Accessory Portfolio Planning at Axis Communications
Axis Communications is a Lund based company which specializes in network cameras. In addition to the cameras, the company has a wide range of accessories that ensure their customers receive complete solutions. While the company has had significant successes by investing heavily in R&D, increased competition from low-cost competitors is now placing higher demands on cost-efficiency.
The high introduction rate of new cameras and solutions have resulted in an ever-expanding portfolio of accessories. As the number has grown they are starting to cause problems in the company’s operations. For example, the increased complexity is making it more difficult to balance supply and demand. Further, it is a challenge due to the administrative complexities it introduces. By making more informed decisions early in the development process, it is believed the inflow of new accessories can be more controlled.
To design a practically viable decision support model that enables more informed decisions with regards to accessory development at Axis Communications.
The study has used a constructive research approach. The construct is a decision support model for Axis to use when developing accessories. The study started with a literature review to gain insight into the current body of knowledge. A multiple case study was used to contribute with empirical data on how companies work with the selection of projects in practice. Interviews and workshops at Axis were then conducted to see what construct would fit the company and product context. The final model was constructed and tested with key stakeholders at the company to ensure its validity.
In the literature review we have looked at areas which are deemed important for the problem at hand. Product portfolio management is a broad field and a literature review by Jugend & da Silva (2014) was used for the initial structure. To further structure the selection and development process, Michael Cooper’s work around the Stage-Gate process has been used. By combining the stage-gate perspective with portfolio management an input-output framework was developed. This framework has then been the basis to which we have formulated 26 theoretical propositions.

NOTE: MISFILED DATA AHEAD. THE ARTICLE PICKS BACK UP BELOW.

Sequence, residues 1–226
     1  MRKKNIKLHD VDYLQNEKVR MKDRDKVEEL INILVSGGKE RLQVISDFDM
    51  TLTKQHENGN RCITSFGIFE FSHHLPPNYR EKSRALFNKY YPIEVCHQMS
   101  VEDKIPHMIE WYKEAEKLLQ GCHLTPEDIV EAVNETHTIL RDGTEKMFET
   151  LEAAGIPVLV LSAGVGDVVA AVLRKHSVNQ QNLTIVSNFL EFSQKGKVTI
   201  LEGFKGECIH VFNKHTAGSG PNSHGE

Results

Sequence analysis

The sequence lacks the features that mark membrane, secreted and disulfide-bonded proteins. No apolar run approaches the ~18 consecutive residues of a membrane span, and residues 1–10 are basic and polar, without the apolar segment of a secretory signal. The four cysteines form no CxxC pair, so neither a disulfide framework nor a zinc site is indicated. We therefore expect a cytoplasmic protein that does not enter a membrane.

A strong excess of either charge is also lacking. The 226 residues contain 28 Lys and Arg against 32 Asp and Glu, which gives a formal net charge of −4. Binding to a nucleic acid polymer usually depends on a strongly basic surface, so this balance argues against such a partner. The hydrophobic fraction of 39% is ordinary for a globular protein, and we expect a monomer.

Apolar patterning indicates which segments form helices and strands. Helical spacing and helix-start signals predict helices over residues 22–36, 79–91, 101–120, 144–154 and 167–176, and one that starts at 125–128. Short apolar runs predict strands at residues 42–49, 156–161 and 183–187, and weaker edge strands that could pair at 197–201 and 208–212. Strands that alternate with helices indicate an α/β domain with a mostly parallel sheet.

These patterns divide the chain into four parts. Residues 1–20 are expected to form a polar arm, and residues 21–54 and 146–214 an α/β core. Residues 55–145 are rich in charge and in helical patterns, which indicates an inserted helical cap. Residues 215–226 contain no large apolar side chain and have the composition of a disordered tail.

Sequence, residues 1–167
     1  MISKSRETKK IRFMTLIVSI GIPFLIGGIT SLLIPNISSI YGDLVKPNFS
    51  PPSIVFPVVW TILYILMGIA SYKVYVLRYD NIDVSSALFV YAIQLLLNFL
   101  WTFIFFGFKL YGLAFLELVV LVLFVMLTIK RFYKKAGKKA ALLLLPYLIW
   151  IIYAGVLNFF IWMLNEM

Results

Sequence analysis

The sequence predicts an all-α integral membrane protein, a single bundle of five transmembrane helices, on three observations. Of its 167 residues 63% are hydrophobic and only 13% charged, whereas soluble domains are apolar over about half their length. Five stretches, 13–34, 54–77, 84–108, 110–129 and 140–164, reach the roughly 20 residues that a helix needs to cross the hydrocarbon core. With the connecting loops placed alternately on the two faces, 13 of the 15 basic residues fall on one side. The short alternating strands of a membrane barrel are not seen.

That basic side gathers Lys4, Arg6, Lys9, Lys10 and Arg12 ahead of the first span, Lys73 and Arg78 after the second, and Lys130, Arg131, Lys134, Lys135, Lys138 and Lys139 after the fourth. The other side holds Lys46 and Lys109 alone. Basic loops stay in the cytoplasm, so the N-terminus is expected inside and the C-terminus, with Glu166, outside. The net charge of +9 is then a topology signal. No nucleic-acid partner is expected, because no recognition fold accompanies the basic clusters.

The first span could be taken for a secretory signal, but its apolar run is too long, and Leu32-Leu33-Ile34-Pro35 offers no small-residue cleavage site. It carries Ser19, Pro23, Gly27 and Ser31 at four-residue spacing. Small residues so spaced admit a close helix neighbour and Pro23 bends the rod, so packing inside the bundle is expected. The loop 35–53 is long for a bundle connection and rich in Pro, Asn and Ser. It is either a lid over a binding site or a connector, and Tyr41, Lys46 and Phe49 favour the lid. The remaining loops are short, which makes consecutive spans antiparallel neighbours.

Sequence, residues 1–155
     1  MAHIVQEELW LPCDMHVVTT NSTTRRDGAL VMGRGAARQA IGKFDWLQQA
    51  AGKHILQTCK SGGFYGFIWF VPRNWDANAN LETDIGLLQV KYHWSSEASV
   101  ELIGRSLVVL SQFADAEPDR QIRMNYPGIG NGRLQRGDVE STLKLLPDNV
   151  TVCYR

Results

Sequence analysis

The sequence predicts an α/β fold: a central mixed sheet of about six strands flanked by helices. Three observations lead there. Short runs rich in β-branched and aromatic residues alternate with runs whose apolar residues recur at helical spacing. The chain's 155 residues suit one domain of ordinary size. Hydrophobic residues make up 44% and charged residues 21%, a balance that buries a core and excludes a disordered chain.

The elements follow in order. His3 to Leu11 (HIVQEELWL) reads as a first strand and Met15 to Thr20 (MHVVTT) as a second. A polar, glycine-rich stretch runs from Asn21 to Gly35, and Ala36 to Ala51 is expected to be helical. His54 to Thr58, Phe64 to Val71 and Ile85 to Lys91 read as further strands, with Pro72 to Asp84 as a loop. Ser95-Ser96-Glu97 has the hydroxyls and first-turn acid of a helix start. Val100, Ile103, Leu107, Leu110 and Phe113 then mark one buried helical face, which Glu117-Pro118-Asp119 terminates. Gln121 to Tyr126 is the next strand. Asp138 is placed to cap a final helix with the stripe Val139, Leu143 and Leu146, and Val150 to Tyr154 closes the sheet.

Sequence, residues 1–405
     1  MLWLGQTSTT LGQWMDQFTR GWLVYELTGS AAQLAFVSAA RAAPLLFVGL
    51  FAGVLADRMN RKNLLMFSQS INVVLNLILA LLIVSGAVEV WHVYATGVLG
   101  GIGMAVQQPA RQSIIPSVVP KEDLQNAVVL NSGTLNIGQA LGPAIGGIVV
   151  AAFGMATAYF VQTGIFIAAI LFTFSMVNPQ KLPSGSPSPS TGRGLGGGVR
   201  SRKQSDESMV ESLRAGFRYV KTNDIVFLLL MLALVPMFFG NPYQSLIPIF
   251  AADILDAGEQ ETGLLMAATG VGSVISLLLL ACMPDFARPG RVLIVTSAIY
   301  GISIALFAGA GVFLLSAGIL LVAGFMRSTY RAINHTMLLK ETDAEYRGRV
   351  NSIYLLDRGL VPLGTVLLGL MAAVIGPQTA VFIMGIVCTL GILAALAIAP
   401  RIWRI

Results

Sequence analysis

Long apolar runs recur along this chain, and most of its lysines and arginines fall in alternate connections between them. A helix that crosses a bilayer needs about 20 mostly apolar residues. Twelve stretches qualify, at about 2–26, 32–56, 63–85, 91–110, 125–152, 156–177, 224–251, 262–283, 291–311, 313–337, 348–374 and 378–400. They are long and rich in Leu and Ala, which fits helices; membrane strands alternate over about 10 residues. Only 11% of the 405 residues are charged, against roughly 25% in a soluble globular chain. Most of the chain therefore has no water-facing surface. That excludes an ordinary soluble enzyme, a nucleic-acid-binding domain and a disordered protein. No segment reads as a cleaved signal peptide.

Axis’ camera development was used as a test case, this enabled fine tuning of the case study protocol ahead of the main cases. The companies which participated were Sony Mobile, Thule Group, Husqvarna Group and Alfa Laval. Companies were chosen to ensure a wide perspective on the contextual aspects of life cycle length, company size, profitability and technology sophistication. The study contributed with ways of practically working with selection of projects and methods of maintaining data integrity.
Many of the theoretical propositions were supported by the case study findings. Several empirical propositions were also developed and evaluated for generalizability. Theory and empirics were then combined to form a generic decision support model which companies can use to improve development decisions. It starts with choosing criteria that are aligned with company strategy and goals of the product portfolio. These criteria then dictate the input deliverables and decision makers needed to make the decision. After the decision, a formal decision and goal setting for the ensuing work should be performed. Finally, a post-launch review should be conducted to follow-up on deliverables and decisions made at the decision point. This to ensure a learning process.
It was decided that the focus of the model would be accessories developed within camera projects. Criteria and methods were developed in order to reach the strategic goals of increasing structure, priority and data integrity of accessories. Nine suggestions were proposed to Axis. They were fitted into four different points of the current camera development structure. In short, they serve to increase early awareness of accessories within camera projects. This through requesting that certain deliverables are presented before an accessory is released for development. We also suggest the decision to order tooling receives more focus as it results in the most significant investment for an accessory. Finally, a post launch review is suggested in order to follow-up on assumptions made at the decision point. This way the process will receive continuous feedback and learning. As a result, Axis will be able to make more informed decisions regarding accessories and thus increase control over their product portfolio.
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